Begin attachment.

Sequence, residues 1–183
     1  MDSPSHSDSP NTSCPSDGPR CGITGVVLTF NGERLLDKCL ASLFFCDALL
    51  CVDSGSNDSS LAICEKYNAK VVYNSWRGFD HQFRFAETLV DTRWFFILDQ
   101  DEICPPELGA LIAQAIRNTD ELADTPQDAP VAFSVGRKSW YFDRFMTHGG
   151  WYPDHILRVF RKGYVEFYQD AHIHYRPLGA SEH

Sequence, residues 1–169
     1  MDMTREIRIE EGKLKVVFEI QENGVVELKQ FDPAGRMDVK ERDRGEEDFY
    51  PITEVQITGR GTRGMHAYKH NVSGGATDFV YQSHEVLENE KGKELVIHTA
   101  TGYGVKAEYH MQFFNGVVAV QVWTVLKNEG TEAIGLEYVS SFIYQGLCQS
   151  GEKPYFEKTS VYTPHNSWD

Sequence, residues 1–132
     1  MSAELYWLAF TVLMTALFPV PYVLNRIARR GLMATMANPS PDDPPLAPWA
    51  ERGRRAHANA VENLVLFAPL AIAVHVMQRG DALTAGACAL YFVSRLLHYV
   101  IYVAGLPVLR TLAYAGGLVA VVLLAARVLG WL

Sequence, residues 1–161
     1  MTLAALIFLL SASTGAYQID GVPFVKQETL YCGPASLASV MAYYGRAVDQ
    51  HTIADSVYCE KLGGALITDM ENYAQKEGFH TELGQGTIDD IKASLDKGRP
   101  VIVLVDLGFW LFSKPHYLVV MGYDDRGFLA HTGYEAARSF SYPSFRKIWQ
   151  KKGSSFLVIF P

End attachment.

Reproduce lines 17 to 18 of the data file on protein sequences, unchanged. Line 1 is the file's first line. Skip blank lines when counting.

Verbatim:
    51  HTIADSVYCE KLGGALITDM ENYAQKEGFH TELGQGTIDD IKASLDKGRP
   101  VIVLVDLGFW LFSKPHYLVV MGYDDRGFLA HTGYEAARSF SYPSFRKIWQ